The mainstream press has been spending the Trump era trying to figure out how to “diversify” their op-ed pages, which always means adding more conservative voices. The latest example of this was when The Atlantic hired and almost immediately fired Kevin Williamson, a hardcore conservative who has routinely written outrageous and inflammatory articles for the National Review (and his Twitter feed was even more toxic).
I don’t actually mind the impulse to add variety to the op-ed page. (As a liberal, it’s part of my value system, one notably absent in the values of conservatives whose publications—WSJ, National Review, etc—do not feature liberal voices.) But what’s really amazing is how the lack of diversity is never addressed by moving to the left of Paul Krugman. I am considered uncomfortably conservative by most of my friends, and yet my actual views would be considered unacceptably out of the mainstream by Atlantic editor Jeffrey Goldberg. For examples, I support:
- Socialized medicine (eg, Britain’s);
- A full slate of pro-labor policies and
- Taxes and regulations that would curtail corporate power and generational personal fortunes;
- A much smaller military;
- Full denuclearization;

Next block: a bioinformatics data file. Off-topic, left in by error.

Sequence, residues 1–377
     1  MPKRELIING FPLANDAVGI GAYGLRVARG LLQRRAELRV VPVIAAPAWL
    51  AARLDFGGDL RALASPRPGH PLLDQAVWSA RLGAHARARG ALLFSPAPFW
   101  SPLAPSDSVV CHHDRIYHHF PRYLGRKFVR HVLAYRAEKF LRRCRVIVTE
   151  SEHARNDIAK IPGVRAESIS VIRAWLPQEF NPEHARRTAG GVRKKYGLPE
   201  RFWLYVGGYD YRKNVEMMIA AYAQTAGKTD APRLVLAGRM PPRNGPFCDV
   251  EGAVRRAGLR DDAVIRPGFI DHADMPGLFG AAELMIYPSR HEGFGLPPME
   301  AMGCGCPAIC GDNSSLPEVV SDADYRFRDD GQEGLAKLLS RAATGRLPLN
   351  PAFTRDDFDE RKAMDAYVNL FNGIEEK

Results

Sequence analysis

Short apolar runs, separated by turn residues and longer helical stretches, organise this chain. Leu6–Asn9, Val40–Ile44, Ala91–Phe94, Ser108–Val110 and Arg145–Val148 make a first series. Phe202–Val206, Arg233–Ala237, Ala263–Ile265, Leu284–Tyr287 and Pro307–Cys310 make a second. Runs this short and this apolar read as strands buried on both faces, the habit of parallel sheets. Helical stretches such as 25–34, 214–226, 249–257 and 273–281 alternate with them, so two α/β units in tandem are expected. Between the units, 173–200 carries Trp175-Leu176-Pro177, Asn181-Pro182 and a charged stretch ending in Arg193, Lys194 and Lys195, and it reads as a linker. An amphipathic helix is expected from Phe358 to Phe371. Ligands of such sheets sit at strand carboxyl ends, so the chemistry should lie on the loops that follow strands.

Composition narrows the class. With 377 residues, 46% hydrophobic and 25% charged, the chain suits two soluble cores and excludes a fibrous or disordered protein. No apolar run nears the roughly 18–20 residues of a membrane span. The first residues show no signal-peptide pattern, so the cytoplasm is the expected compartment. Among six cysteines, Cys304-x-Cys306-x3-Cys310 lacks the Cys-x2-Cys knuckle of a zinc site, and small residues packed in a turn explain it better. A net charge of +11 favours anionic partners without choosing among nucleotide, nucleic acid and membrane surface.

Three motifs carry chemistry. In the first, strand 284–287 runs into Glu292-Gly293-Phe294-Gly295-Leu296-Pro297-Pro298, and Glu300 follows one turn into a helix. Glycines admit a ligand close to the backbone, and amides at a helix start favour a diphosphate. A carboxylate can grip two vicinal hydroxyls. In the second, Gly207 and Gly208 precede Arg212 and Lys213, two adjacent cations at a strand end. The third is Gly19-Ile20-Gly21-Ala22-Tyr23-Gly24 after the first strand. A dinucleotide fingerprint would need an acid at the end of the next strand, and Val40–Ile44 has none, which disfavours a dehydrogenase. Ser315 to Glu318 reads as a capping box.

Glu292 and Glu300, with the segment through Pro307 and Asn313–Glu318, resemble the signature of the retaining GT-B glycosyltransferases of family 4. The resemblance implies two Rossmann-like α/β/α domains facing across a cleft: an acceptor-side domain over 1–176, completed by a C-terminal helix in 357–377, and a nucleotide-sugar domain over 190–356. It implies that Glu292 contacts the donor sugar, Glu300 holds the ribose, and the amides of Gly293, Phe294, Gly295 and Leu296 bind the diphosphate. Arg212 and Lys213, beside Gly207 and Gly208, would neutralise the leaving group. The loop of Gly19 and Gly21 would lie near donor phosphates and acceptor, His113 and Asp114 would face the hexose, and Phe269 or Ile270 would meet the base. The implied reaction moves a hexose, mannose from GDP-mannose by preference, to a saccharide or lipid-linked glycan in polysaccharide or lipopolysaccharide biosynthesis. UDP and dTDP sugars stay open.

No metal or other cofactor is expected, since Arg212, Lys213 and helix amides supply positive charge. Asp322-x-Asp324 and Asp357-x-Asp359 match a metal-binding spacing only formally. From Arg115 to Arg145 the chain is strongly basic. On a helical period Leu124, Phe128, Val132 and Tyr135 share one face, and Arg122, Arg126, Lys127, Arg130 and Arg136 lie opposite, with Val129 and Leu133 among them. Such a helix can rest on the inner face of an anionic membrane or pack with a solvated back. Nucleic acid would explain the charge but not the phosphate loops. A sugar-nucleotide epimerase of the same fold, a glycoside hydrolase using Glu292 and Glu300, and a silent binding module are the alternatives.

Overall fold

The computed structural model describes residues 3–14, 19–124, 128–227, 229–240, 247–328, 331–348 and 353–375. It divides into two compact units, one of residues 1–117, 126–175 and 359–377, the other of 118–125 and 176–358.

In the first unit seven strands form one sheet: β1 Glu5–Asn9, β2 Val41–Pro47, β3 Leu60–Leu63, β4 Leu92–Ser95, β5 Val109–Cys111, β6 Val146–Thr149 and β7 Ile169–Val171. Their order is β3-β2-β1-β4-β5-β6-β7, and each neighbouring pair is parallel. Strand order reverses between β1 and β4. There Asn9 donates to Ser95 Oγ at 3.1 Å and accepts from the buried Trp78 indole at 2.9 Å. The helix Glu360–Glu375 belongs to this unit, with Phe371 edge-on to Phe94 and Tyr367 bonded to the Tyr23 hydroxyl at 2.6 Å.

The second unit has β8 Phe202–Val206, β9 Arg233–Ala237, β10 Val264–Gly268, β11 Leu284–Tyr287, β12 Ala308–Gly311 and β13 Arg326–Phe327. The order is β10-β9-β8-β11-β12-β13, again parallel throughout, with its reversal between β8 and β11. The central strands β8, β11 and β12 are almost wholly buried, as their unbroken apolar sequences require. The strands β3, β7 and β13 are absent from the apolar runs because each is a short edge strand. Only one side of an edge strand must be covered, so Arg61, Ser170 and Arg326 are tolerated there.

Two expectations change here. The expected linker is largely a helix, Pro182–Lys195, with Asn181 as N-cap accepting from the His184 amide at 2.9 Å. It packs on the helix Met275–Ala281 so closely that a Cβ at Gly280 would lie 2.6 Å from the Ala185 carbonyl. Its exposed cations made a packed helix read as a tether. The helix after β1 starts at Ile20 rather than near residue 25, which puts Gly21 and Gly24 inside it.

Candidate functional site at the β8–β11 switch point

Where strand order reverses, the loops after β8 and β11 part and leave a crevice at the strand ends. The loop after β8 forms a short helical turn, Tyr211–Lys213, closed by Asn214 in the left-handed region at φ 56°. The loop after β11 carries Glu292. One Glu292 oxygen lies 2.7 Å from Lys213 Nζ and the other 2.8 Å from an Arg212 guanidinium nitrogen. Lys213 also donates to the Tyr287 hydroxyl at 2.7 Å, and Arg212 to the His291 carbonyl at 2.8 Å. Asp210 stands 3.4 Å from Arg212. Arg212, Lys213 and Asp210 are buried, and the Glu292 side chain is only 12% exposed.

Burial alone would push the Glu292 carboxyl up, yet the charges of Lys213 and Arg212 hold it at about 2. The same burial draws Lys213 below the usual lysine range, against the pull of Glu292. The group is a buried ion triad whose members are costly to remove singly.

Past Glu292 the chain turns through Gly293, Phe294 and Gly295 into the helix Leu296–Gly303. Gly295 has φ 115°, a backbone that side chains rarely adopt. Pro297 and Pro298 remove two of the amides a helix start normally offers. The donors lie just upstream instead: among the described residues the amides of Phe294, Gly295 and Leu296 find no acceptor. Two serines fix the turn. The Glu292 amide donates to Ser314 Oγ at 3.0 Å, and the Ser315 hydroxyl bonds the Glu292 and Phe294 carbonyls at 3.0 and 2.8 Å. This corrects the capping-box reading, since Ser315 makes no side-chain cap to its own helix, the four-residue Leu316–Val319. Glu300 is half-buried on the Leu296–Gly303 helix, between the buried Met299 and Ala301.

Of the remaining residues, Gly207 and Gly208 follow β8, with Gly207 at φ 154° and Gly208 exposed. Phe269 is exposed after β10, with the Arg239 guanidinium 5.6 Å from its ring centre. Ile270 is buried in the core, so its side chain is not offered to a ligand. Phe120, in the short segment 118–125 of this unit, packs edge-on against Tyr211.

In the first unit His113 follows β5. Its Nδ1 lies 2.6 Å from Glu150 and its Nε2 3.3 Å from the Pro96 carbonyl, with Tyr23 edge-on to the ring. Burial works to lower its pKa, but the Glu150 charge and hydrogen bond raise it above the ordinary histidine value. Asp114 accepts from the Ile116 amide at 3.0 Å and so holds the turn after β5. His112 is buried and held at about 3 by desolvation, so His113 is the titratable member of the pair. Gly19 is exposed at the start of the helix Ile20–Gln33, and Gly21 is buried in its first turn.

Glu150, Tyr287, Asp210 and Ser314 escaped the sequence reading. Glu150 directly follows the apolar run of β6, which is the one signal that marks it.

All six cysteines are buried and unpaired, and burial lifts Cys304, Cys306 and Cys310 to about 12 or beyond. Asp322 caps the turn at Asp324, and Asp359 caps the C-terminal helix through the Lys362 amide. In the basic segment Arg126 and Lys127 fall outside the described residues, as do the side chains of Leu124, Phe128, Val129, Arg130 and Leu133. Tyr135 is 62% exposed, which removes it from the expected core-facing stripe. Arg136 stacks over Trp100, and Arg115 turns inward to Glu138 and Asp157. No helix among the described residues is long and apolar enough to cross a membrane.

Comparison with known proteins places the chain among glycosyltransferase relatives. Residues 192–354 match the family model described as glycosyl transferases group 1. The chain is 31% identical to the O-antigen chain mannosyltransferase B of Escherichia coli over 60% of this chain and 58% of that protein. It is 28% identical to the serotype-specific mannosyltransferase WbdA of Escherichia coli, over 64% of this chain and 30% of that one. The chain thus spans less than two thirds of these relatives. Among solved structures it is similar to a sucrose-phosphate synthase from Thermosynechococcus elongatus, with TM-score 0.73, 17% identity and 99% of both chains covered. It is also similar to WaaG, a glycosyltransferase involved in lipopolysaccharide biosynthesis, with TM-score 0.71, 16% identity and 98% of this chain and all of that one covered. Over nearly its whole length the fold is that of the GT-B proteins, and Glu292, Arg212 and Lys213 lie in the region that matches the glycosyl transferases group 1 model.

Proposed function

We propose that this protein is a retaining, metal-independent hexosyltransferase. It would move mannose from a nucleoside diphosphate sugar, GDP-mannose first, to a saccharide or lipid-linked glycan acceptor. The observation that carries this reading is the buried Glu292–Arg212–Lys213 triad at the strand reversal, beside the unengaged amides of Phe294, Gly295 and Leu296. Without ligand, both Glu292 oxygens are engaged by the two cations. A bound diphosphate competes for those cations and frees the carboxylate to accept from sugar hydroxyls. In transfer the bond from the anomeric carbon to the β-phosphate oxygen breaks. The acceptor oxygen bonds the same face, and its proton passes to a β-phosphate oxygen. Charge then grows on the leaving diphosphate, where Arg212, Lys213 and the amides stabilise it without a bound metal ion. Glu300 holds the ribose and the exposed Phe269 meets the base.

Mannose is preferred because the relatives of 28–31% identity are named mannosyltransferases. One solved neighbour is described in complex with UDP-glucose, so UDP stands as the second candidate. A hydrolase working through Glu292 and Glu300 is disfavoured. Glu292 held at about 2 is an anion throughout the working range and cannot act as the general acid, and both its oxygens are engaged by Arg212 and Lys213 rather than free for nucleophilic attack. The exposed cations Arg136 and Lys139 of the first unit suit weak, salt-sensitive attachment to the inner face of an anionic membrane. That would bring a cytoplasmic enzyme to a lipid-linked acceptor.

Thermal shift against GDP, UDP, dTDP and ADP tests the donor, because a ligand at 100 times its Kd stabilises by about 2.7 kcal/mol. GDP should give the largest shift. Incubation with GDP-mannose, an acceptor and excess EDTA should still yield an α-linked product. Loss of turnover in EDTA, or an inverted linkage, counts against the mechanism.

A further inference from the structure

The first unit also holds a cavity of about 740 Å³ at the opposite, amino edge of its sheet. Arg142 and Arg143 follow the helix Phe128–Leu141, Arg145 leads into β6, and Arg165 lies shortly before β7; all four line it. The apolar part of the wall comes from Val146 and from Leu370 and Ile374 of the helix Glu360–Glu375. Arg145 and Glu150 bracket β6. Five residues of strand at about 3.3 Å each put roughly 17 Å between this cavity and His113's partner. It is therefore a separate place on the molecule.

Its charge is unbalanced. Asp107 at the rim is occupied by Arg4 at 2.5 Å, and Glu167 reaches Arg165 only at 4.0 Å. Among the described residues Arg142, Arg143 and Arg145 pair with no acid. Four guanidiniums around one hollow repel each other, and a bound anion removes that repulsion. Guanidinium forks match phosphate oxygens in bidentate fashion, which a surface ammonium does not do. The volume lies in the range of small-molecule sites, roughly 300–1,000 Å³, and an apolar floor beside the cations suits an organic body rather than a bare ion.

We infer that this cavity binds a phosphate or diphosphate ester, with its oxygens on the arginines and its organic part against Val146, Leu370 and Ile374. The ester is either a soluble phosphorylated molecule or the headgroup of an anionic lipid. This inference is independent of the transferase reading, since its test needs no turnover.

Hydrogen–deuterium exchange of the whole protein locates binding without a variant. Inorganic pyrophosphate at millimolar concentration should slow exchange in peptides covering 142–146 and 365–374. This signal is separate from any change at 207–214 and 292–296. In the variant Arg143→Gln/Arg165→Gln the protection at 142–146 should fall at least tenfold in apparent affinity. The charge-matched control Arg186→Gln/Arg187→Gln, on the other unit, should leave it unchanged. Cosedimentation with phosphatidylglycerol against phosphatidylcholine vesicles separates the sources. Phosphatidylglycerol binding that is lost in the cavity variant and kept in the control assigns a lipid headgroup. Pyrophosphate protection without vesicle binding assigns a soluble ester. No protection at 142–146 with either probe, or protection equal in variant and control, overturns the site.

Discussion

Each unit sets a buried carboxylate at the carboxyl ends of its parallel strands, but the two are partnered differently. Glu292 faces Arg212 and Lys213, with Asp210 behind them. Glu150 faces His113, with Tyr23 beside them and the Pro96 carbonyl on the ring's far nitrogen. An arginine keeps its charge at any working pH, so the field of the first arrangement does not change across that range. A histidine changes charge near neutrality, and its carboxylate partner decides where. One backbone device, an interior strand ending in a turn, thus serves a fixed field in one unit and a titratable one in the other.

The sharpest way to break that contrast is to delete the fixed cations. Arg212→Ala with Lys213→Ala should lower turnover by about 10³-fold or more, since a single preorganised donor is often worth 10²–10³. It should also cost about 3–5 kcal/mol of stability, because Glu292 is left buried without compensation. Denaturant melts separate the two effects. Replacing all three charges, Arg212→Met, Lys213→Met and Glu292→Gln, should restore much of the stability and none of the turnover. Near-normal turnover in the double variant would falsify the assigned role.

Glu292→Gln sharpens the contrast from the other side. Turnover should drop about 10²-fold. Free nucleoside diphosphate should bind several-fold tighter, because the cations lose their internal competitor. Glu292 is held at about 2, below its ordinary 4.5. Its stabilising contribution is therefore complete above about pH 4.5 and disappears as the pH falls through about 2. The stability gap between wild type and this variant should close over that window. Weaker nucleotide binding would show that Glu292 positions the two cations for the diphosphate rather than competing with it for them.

- Full withdrawal from the Middle East;
- Carbon taxes;
- Massive spending to address climate change;
- Effective open borders (to non-terrorists and criminals);
- Repealing the 2nd amendment...
And it goes on and on in this vein. Again, a majority of people in my orbit consider me too conservative because I support things like the TPP and free trade. And yet my views—held by a huge number of mainstream European parties—are considered so radical that they never appear on the pages of the Atlantic or the New York Times. To editors at these publications, views like Kevin Williamson’s are mainstream and important and need airing. Views like mine are literally unthinkable.
This is the most potent indictment I have for the state of our national politics in the United States in 2018.